An excellent AA unit, the Quad 50 is currently the closest thing the Americans have to an MG team (suffering only from speed 0 /relocate 2 instead of speed 1). It’s a bit more expensive than a Vickers for nearly the same attack (+1 vs vehicles at long range), but the AA SA helps make up for it. Unfortunately, since it’s artillery, it will have to hobble along without the aid of a transport. Deploy it the maximum distance out that you can to try and position it early.

A unit that strikes fear into many players, the Marines M2-2 Flamethrower is a great psychological weapon as well as a tactical one. Jeeps are their friends, dropping a pair flanking an enemy AFV gives the opponent the choice of chancing the ‘three sixes’ from the flamethrower, and being destroyed. They’re best used when you go first, but even second they are quite useful since their attacks negate cover, making them excellent for defending the objective, or forcing your way through dense terrain. More often than not your opponent will simply try to avoid contact and destroy them at range, so keep them in cover whenever possible. Flamethrowers are great for supporting the advance of your armour, clearing out all those pesky infantry.

Powerful units, the Screaming Eagle Paratroopers aka Teletroopers are a threat every army build needs to take into consideration. With Hard Charger you can afford to be more aggresive, even taking defencive fires in the movement phase since at worst you’ll just end up where you started. Close Assault 8 is a strong threat to most armour, and the +1 from the SE Captain raises it to a 25% chance of disrupting defence 6. Even more so than the flamethrower, the SE Paratroopers are a psychological weapon that constantly forces your opponents to reconsider their orders. The SEs have several uses, such as taking and holding the objective early on the game, appear near support units and eliminating them, or even popping up and bolstering your lines. At 9 points they are expensive, but well worth the cost.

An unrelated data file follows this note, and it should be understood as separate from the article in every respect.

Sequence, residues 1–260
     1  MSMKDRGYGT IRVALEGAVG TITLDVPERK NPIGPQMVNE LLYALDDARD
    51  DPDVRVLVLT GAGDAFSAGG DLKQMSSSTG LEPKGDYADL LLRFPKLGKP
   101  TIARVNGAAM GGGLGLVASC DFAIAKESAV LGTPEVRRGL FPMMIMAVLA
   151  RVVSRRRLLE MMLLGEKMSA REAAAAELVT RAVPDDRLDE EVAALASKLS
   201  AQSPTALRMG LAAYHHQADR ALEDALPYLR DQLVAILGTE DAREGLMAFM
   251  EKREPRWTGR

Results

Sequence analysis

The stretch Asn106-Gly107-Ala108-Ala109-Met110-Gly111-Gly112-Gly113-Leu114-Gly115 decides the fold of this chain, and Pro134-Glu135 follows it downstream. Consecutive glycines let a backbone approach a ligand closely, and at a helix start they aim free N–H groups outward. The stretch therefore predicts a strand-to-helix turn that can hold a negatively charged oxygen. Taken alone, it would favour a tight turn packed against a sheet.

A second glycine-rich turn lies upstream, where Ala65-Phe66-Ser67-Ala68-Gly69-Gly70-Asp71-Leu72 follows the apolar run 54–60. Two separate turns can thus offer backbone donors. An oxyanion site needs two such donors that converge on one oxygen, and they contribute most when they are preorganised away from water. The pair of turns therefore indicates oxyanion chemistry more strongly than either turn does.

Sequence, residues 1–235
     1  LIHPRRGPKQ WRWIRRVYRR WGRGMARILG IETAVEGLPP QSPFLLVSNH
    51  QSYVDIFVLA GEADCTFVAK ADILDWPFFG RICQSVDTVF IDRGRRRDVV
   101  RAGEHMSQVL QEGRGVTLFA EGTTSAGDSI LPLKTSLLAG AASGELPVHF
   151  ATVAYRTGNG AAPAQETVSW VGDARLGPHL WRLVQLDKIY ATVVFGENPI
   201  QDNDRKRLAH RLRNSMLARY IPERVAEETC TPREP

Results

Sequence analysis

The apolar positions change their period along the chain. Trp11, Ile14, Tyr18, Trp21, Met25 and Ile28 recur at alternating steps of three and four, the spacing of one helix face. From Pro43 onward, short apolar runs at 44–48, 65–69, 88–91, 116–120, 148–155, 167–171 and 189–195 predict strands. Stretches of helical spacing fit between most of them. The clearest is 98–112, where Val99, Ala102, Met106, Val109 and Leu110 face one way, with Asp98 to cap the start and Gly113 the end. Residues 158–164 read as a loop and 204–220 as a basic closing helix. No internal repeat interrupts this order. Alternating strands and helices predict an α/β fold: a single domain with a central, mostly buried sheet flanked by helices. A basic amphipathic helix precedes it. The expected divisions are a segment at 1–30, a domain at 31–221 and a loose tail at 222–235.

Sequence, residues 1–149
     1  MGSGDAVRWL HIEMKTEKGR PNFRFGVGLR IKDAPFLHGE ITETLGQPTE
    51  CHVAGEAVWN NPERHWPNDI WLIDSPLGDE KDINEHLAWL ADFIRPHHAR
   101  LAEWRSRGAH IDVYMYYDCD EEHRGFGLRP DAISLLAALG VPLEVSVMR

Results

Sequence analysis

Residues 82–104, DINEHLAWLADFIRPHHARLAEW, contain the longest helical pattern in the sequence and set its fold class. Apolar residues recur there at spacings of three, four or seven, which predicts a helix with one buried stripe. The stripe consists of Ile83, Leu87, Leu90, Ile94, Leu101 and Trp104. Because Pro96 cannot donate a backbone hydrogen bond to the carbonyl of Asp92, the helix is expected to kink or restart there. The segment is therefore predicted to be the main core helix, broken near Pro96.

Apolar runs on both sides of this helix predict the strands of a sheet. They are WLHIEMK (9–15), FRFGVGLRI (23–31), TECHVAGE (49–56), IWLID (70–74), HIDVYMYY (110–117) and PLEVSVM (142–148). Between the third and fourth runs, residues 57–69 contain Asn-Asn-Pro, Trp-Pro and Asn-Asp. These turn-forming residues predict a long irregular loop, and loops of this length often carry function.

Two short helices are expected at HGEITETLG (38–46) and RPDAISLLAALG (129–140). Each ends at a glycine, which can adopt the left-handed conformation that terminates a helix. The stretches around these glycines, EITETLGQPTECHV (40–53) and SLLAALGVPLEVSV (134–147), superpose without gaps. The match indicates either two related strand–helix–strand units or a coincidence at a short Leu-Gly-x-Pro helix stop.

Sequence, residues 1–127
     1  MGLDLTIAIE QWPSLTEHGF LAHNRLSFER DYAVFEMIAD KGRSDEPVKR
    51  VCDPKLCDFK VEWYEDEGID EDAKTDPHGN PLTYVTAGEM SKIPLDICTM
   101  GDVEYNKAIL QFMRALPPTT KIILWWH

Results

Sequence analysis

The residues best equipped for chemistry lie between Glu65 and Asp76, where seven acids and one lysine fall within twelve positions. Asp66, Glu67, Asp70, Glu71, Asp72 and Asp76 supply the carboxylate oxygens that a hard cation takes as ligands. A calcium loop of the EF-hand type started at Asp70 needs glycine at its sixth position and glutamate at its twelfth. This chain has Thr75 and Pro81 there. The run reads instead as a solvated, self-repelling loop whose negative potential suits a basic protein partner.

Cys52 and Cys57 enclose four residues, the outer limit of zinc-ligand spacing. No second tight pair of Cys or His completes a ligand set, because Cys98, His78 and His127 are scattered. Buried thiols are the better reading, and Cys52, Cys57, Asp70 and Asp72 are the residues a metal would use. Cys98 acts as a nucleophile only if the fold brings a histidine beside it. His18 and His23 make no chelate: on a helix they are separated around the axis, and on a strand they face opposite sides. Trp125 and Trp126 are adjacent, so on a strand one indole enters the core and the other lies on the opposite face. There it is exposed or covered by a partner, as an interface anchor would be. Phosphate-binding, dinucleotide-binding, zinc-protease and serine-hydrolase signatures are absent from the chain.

The Screaming Eagle Captain is an interesting commander, very expensive but very powerful. He has the same attack as an MG-42 or SS-PG at close-medium range, but lacks any close assault value making him only useful against infantry. With +3 initiative and the Paratrooper ability it’s sometimes useful to keep him ‘offboard’ to benefit from the initiative while keeping him away from harm, but his PT Commander ability means you might want him to give his Stars & Stripes like effect to his fellow Screaming Eagles. If you do, keep him as safe as possible because disruption will be costly (and not too difficult to cause on a defence 4/4 unit); not only will you lose out on +3 initiative, but his PT Commander ability won’t function either, reducing the effectiveness of your other SEs. It’s generally best to keep him offboard until at least midgame, unless you really need the extra firepower.